Bundestag decides to extend the bottle deposit

In the future, operators of restaurants and snack bars will also have to offer reusable packaging for “take away” sales. With this, Parliament is reacting to the sharp increase in packaging waste in Germany.

“To-Go” packaging often does not end up in the trash.  Removal in parks and on streets now costs municipalities 700 million euros a year.

RIn the future, restaurants, snack bars and cafés will have to offer their customers a reusable option in addition to disposable packaging. A corresponding obligation, which will apply from 2023, was decided by the Bundestag on Thursday evening. Exceptions apply, however, to smaller catering establishments that are no more than 80 square meters in size and have no more than five employees.

At the same time, the MPs extended the deposit requirement to all single-use plastic bottles and beverage cans. So far, there are still beverages – such as non-carbonated fruit juices – whose packaging does not require a deposit. Such exemptions will no longer apply from 2022; There is only a transition period until 2024 for milk and milk products. In addition, a minimum proportion of recycled plastic will be introduced for the production of PET bottles.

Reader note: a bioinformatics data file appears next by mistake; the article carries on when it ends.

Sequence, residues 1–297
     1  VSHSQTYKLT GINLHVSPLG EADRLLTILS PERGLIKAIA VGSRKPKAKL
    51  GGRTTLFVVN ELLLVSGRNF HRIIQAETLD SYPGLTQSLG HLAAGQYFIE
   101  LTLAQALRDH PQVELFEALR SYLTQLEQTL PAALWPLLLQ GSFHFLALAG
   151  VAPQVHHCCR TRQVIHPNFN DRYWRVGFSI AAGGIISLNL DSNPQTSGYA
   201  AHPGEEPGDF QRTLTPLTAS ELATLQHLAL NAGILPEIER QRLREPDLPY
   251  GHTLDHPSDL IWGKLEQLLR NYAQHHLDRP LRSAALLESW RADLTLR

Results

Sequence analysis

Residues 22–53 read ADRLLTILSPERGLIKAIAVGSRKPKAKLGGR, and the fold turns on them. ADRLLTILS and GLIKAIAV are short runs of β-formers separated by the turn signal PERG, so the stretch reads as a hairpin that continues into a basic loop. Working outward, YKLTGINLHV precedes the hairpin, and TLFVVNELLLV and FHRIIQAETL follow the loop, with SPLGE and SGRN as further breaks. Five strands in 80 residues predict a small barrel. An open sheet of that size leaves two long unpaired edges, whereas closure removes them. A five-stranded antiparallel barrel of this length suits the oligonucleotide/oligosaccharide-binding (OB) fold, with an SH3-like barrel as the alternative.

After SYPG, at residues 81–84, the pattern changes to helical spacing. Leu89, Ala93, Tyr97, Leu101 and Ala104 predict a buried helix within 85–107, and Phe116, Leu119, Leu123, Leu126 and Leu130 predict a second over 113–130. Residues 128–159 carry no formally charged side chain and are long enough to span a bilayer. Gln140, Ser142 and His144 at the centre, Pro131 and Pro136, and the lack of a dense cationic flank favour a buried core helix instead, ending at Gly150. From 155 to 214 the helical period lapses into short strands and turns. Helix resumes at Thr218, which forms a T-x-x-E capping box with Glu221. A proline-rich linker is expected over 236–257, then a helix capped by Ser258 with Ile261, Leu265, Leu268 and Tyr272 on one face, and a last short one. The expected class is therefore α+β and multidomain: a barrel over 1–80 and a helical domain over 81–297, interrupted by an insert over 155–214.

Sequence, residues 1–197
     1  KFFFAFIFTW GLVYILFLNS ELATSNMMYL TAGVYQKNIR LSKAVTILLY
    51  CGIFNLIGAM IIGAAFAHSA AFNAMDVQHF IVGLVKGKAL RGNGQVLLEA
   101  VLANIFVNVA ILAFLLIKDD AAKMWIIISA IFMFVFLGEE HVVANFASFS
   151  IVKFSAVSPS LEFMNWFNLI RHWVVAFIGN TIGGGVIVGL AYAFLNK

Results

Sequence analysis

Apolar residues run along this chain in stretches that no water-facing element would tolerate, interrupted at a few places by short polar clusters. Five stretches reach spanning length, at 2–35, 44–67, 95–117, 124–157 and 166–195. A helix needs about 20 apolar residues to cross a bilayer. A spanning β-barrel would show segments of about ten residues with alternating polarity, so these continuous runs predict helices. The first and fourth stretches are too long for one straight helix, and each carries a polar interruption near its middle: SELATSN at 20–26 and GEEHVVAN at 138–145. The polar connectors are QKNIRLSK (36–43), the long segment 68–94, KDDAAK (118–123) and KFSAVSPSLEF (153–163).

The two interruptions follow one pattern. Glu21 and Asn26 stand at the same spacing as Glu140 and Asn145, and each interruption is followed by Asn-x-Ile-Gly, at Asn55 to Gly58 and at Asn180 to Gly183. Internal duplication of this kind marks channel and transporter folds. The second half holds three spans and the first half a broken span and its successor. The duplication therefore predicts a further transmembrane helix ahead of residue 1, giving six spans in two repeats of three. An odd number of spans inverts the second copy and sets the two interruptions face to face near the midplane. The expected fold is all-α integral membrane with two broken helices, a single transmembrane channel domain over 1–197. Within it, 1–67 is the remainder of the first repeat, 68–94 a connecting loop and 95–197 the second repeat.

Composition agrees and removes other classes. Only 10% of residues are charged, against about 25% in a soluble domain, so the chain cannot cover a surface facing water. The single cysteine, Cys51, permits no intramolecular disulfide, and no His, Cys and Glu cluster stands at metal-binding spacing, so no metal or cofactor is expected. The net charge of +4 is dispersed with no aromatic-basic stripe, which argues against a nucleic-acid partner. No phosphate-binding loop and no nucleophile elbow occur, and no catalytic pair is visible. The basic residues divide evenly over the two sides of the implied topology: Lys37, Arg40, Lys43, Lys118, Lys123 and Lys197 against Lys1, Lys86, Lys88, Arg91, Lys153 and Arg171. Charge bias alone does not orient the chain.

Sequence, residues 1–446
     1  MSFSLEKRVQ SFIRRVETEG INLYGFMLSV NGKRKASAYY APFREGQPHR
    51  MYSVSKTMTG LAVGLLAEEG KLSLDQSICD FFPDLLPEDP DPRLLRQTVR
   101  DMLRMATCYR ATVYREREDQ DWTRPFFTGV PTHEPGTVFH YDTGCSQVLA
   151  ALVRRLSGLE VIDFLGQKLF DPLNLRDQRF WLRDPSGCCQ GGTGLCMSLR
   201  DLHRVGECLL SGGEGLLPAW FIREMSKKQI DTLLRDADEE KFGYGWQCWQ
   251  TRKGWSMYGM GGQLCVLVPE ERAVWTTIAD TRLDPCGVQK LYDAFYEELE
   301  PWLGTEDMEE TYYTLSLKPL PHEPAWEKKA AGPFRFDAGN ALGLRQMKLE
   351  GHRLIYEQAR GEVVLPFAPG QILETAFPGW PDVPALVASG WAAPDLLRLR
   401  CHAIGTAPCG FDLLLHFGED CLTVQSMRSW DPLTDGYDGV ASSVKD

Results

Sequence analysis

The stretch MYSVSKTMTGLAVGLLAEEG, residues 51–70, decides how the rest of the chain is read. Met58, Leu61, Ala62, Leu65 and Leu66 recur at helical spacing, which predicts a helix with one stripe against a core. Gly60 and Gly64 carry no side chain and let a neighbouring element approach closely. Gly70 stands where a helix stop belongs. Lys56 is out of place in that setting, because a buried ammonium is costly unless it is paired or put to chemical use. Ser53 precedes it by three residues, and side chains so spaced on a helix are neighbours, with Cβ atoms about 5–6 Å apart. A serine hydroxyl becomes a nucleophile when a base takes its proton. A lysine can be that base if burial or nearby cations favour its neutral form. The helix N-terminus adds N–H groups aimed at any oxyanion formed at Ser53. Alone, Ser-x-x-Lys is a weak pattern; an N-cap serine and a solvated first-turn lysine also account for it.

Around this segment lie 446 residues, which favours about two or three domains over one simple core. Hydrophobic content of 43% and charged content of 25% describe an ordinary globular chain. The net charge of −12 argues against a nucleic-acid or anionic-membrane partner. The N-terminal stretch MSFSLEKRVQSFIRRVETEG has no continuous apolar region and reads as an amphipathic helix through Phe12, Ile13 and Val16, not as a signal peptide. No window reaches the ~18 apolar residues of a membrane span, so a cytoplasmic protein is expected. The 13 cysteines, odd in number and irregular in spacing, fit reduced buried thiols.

These measures are intended to reduce packaging waste in Germany. “With more reusable packaging, we will effectively curb the flood of packaging, especially in the to-go area,” said Environment Minister Svenja Schulze (SPD).

For environmentalists, however, the new regulations do not go far enough. Above all, the exceptions to the reusable obligation are criticized. The German Hotel and Restaurant Association, on the other hand, fears an additional financial burden, the HDE trade association is demanding at least longer transition periods.

700 million euros disposal costs

From the point of view of the German city cleaners, however, the law provides important impetus for a more sustainable handling of packaging waste. Municipal cleaning companies in particular are suffering from the to-go boom, according to the Association of Municipal Companies (VKU). The removal of the waste from public spaces costs around 700 million euros per year.